You didn't need to look into the flames or perch in front of a weirwood tree to know that Jon Snow would eventually come back to the land of the living on Game of Thrones. (It's been a full 72 hours, people. This is not a spoiler.) Jon Snow's fate as a sullen hero has been sealed since Season 5's standout hour "Hardhome," which made his resurrection in Season 6, Episode 2 ("Home") all the more predictable.
For a series that was built on a foundation of subverting fantasy genre tropes, didn't it all feel a bit too safe? After all, this is a series that brutally killed off its honorable protagonist Ned Stark in Season 1. At the time, Ned's death was unprecedented.
Then again, Jon Snow is one of a small group of characters at the center of the A Song of Ice and Fire saga that George R.R. Martin himself has hinted will make it to the end. Jon in particular is linked to the central mythology of the series. His parentage is important. (R+L=J wouldn't be such a fervent fan theory if it wasn't.) He's the only other character who has killed a White Walker (in fact, the show should really be saving the platitudes for Samwell Tarly, the Neville Longbottom of Westeros), and he's also one of the few who has a Valyrian steel sword in his possession. He is clearly destined for greatness. And yet, he's incredibly boring.
Like Ned before him, Jon is an honorable dude. He took the black upon his uncle Benjen's suggestion. He stayed true to his oath to the Night's Watch even after Ned's death. He chose to work with the Wildlings as opposed to persecuting them -- and he failed to see how his actions would result in conflict among the Night's Watch. He just wanted everyone to get along. It was a noble, though incredibly naive, goal. He's a know-nothing do-gooder. You can always predict his next move because he always tries to do the right thing. Yawn.
Though Jon possesses slightly more nuance in Martin's books, he still suffers from being the only character in the series who fits squarely into a traditional archetype: the Chosen One, the young ignoble everyman who gets caught up in a hero's journey. But what if that were to change in Season 6?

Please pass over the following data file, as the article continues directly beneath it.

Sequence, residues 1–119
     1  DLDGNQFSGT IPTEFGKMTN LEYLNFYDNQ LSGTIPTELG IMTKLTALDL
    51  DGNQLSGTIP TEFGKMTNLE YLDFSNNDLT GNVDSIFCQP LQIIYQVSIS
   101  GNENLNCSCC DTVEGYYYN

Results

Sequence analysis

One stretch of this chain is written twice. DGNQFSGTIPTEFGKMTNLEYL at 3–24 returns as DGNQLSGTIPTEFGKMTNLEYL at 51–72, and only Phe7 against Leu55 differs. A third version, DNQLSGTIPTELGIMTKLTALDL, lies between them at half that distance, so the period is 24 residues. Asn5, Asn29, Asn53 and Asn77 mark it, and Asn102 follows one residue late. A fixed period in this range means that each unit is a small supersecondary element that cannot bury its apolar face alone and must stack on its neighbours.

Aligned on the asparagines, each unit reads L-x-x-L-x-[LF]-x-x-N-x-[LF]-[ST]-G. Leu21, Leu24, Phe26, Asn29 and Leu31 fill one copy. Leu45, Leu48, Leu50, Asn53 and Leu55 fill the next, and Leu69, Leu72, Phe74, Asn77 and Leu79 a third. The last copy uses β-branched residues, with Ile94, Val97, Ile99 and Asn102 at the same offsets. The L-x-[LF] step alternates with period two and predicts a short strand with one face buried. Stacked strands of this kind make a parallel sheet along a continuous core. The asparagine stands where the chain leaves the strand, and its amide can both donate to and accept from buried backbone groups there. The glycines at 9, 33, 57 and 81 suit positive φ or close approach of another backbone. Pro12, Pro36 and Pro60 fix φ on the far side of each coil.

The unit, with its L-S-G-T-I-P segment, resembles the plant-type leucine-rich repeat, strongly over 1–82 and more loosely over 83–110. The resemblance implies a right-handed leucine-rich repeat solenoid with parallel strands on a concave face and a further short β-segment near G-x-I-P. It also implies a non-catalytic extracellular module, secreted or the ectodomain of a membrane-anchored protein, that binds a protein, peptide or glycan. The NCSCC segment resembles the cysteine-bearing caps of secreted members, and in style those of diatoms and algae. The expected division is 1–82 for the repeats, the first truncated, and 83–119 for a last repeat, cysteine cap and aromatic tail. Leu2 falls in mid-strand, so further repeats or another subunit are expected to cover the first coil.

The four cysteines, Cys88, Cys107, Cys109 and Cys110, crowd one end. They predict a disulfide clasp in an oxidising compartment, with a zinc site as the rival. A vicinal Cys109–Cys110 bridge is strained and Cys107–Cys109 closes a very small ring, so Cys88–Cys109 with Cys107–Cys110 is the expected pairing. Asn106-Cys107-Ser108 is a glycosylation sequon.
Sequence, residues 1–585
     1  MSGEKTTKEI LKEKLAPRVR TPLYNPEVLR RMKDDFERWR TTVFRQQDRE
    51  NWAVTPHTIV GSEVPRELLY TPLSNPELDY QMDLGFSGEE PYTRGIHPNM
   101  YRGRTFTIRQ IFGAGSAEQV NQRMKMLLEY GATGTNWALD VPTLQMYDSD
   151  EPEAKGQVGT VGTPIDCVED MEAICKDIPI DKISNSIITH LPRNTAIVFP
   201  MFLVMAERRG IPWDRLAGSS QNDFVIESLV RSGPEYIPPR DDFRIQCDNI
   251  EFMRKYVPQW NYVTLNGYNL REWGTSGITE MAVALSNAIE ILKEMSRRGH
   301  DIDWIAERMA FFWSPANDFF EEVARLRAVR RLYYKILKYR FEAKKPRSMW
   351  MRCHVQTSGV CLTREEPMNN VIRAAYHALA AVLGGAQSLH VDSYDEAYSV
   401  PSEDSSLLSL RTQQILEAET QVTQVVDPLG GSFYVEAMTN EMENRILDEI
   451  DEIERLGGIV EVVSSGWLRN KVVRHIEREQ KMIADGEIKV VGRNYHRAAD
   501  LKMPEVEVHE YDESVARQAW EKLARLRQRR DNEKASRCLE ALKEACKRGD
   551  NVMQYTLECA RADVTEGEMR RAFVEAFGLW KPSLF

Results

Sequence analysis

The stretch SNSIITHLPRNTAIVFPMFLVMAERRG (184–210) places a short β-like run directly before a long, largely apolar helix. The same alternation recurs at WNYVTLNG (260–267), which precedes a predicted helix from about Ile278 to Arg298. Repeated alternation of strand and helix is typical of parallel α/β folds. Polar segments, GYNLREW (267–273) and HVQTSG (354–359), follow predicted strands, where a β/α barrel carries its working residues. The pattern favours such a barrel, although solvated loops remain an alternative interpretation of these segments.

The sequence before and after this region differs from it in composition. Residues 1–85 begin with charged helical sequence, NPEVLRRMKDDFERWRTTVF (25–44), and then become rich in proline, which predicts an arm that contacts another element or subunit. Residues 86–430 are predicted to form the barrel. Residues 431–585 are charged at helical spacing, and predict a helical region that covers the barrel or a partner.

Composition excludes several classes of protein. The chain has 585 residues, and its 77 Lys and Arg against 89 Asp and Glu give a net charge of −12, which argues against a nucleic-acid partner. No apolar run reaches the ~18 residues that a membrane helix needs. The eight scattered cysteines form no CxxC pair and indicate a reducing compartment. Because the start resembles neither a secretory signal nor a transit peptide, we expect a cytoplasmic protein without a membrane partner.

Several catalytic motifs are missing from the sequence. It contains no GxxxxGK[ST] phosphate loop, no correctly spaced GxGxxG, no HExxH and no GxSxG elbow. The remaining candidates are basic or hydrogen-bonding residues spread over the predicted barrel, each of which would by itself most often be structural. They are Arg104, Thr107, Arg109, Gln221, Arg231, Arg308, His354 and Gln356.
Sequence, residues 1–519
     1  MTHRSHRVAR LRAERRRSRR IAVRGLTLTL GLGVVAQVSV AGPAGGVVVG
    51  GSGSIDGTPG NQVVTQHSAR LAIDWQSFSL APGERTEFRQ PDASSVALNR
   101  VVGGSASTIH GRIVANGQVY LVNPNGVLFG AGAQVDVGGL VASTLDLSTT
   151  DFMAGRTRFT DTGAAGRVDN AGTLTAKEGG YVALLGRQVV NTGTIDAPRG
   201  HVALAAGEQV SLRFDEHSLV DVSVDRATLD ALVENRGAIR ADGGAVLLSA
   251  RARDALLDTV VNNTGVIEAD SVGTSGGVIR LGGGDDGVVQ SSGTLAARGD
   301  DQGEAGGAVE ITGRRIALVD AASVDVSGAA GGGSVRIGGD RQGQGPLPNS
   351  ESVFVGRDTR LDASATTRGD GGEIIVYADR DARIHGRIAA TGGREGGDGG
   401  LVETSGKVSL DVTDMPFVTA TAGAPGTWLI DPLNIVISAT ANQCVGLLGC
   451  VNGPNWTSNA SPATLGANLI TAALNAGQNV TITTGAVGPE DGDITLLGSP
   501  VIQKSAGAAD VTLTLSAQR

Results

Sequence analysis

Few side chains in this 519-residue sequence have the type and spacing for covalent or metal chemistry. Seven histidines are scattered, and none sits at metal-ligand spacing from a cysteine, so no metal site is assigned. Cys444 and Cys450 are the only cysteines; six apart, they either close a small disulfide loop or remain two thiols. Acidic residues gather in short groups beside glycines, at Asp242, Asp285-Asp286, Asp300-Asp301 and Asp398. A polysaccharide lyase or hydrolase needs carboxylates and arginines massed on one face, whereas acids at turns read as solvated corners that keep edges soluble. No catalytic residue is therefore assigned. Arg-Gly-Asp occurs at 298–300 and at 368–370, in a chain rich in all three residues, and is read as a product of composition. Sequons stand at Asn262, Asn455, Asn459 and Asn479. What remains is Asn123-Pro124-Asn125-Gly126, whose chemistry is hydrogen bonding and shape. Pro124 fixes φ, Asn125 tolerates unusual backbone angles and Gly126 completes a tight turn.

It's hard to predict whether Jon is still the same hapless Lord Commander we left bleeding out on the snow in the Season 5 finale. So far, the only things we truly know about JS are that he can open his eyes and take a few deep breaths for dramatic effect. The only resurrected man we have to compare him to is Beric Dondarrion, the knight whom Melisandre met in Season 3. Beric had been resurrected by his good pal the Red Priest Thoros of Myr a whopping six times, and it was very clear that Beric wasn’t who he once was. He forgot things -- places and memories that were once so ingrained in his very being.
Martin has described death as a "transformative" experience in his Song of Ice and Fire series. "My characters who come back from death are worse for wear," Martin said upon the release of 2011's A Dance With Dragons. "In some ways, they’re not even the same characters anymore. The body may be moving, but some aspect of the spirit is changed or transformed, and they’ve lost something."
Honestly, isn't that for the best? If Jon were to come back and be the same honorable guy he was just three episodes ago, it wouldn't only cheapen his death, but it would cheapen every death in the series thus far. Why "kill" Jon Snow if there are zero repercussions? A part of Jon has to die in order to advance his character arc -- and to make us care.
Because I can't take much more of sulky, ho-hum Jon Snow. I want a Jon Snow who acts like he's seen some tough shit and does something about it. A Jon Snow who sacrifices some for the good of many. A Jon Snow who takes what is his with fire and blood. A Jon Snow who is ready to wage war in the North. So please don't let me down, GoT.
Can't get enough of Game of Thrones? Listen to this week’s "Game of Crones" podcast, featuring MTV News pop culture writers Rachel Handler, Teo Bugbee, and yours truly, Crystal Bell.